The Ministry of Women, Family and Community Development has been asked to create a special hotline for the disabled community to help them cope with the challenging situation of the COVID-19 pandemic and Movement Control Order (MCO).
Senator Ras Adiba Radzi, said the current challenging situation had caused a large number of persons with disabilities (PwDs) to feel depressed. Previous international studies have shown that this group is among those at high risk for suicidal ideation due to serious depression.
Ras Adiba, who is the president of OKU Sentral, a non-governmental organisation that fights for the rights of PwDs, said although currently there is the Talian Kasih hotline under the ministry, it is not specifically designated for the disabled, who need a different approach and have different needs from the general public.
“They may also be reluctant to contact the existing line because they think there is a possibility of being laughed at or what they are trying to convey may not be fully understood by individuals in charge.
“Therefore, this special line will allow them to contact psychiatrists or counsellors directly to talk and share the problems they are facing so that they (the disabled community) do not feel isolated in the current situation,” she said.
Ras Adiba said this after presenting donations to the disabled community affected by floods at the Kuala Krau parliamentary service centre here today, which was also attended by the patron of the Kuala Krau community-based rehabilitation centre (PPDK) Datin Seri Nor Azimah Abdul Mubin.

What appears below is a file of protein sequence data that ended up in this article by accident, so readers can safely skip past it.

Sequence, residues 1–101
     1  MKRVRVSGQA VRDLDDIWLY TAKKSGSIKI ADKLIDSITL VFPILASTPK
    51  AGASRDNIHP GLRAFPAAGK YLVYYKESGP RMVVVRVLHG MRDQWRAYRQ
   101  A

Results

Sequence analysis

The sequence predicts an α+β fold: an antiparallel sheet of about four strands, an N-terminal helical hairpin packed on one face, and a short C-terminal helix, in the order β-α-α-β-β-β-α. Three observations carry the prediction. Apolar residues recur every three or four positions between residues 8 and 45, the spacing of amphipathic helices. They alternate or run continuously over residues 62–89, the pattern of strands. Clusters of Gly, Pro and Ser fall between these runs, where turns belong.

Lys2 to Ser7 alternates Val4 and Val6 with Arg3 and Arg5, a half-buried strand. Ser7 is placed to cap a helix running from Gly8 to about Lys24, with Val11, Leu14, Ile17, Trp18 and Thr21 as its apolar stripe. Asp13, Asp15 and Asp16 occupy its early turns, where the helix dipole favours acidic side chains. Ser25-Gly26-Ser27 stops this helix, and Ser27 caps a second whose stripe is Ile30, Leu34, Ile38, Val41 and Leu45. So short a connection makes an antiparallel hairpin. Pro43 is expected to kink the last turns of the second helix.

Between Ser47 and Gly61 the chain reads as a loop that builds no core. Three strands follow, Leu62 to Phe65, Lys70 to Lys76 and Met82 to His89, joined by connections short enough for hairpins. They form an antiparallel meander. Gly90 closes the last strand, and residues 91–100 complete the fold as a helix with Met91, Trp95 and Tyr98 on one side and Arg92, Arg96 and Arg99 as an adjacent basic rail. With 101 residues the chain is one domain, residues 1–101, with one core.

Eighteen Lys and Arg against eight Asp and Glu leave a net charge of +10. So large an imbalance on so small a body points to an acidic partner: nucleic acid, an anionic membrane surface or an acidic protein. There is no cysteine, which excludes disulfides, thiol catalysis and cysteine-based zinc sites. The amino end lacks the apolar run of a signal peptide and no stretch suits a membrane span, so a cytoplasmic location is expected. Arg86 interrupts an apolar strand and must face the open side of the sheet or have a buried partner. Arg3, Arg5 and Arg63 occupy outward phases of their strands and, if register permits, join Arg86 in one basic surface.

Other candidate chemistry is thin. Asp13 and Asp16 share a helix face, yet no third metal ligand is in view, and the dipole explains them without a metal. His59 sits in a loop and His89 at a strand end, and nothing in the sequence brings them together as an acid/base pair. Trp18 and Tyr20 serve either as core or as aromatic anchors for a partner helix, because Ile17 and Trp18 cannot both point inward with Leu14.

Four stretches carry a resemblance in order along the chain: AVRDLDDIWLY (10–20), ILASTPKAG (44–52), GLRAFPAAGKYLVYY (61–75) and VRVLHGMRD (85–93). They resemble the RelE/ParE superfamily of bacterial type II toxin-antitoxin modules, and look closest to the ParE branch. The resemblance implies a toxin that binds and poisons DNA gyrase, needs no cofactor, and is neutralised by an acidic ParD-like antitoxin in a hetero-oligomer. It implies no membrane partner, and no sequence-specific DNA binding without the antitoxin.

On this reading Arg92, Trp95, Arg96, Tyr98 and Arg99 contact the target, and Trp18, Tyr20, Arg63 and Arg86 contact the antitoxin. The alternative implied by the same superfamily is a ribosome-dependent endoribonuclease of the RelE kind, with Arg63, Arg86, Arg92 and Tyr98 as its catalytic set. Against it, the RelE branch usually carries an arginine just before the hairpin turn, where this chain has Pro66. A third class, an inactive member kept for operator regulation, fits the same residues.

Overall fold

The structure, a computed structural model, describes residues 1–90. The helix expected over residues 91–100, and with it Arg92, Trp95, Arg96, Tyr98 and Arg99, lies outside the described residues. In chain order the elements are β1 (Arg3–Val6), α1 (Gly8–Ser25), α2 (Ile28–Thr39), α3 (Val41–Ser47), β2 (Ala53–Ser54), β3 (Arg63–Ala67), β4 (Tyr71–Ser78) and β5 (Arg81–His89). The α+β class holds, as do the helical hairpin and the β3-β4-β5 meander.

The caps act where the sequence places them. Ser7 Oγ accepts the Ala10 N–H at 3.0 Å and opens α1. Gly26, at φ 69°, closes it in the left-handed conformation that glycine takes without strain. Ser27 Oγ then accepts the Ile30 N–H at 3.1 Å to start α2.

The donation of 300 packages of essential items from the Sime Darby Foundation, which was channelled through the OKU Sentral, was also presented to Madrasah Ad-Dinniah Al-Ismailiah in Kampung Paya Jauh here, which was also affected by the floods.
Ras Adiba, who is also the chairman of the the Malaysian National News Agency (Bernama), called on individuals who are qualified in the field of counselling, psychiatry and psychology, as well as non-governmental organisations (NGOs) to support the effort to create the special hotline.
The OKU Sentral, according to Ras Adiba, is now actively going into the field to meet with the disabled community to provide moral support and listen to the problems they face.
Meanwhile, P. Saraswathy, 44, who has a special needs child P. Danusha, 13, said that the donation would ease the family financial burden after their house in Taman Mewah, Kuala Krau was flooded for 10 days from Jan 3.
“We moved to a temporary centre (PPS) in a rush because the water rose too fast and we only managed to grab a few things including milk,” said the mother of five children.
Meanwhile, the madrasah manager, Muhammad Yani Ariffin, 54, said that the floods, which lasted more than a week from Jan 5, had caused the entire building on the two-hectare plot, including 180 huts for senior citizens and students, to be submerged.
Source: BERNAMA News Agency